The chemical company is owned by a Wall Street predator named Carl Trudeau, and Mr. Trudeau is convinced the Court is not friendly enough. With judicial elections looming, he decides to try to purchase himself a seat on the Court. The cost is a few million dollars, a drop in the bucket for a billionaire like Mr. Trudeau. Through an intricate web of conspiracy and deceit, his political operatives recruit a young, unsuspecting candidate. They finance him, manipulate him, market him, and mold him into a potential Supreme Court justice. Their Supreme Court justice.

The Appeal is a powerful, timely, and shocking story of political and legal intrigue, a story that will leave readers unable to think about our electoral process or judicial system in quite the same way ever again.

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Praise

“Building a remarkable degree of suspense…Grisham delivers his savviest book in years. His extended vacation from hard–hitting fiction is over.”—Janet Maslin, The New York Times

“A novel that could become its own era–defining classic. John Grisham holds up that same mirror to our age as Tom Wolfe’s Bonfire of the Vanities.”The Boston Globe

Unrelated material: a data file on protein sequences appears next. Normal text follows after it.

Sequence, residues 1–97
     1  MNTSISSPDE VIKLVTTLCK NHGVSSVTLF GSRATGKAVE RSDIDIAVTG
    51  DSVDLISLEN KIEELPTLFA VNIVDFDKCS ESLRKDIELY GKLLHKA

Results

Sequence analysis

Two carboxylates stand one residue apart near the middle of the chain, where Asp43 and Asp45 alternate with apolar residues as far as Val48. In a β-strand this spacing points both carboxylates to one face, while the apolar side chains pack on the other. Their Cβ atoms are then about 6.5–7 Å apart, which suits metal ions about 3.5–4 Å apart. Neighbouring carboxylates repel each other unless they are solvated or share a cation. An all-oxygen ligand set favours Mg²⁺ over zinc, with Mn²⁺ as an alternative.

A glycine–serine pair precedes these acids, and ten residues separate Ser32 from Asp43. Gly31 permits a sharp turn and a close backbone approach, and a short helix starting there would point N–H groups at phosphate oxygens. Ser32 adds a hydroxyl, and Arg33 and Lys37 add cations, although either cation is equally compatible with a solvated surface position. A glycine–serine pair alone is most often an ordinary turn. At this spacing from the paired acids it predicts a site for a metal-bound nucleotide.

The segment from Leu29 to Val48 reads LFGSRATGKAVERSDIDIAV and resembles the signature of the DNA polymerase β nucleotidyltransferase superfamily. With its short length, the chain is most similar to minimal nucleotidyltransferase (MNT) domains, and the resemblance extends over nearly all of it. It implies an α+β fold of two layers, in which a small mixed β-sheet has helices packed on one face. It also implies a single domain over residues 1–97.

“Chilling and timeless.”The Washington Post

“An intricately detailed, involving story…the ending may surprise you.”People

“Stirring popular fiction that doubles as an important public–service announcement.”Entertainment Weekly

“Packs a wallop…The timing, in the midst of all the presidential primaries, makes it all the more compelling.”USA Today

“Fascinating…filled with deadly accurate characterizations by and author who knows both the law and politics from the inside.”Los Angeles Times

“A clever story and thoughtful plot…Grisham confronts in stark relief the dangers of electing judges in an era of big–money politics.”Seattle Times–Post Intelligencer

Playing for Pizza

Sunday, December 7th, 2008

Rick Dockery was the third-string quarterback for the Cleveland Browns. In the AFC Championship game against Denver, to the surprise and dismay of virtually everyone, Rick actually got into the game. With a 17-point lead and just minutes to go, Rick provided what was arguably the worst single performance in the history of the NFL. Overnight, he became a national laughingstock and, of course, was immediately cut by the Browns and shunned by all other teams.

But all Rick knows is football, and he insists that his agent, Arnie, find a team that needs him. Against enormous odds Arnie finally locates just such a team and informs Rick that, miraculously, he can in fact now be a starting quarterback. Great, says Rick—for which team?

The mighty Panthers of Parma, Italy.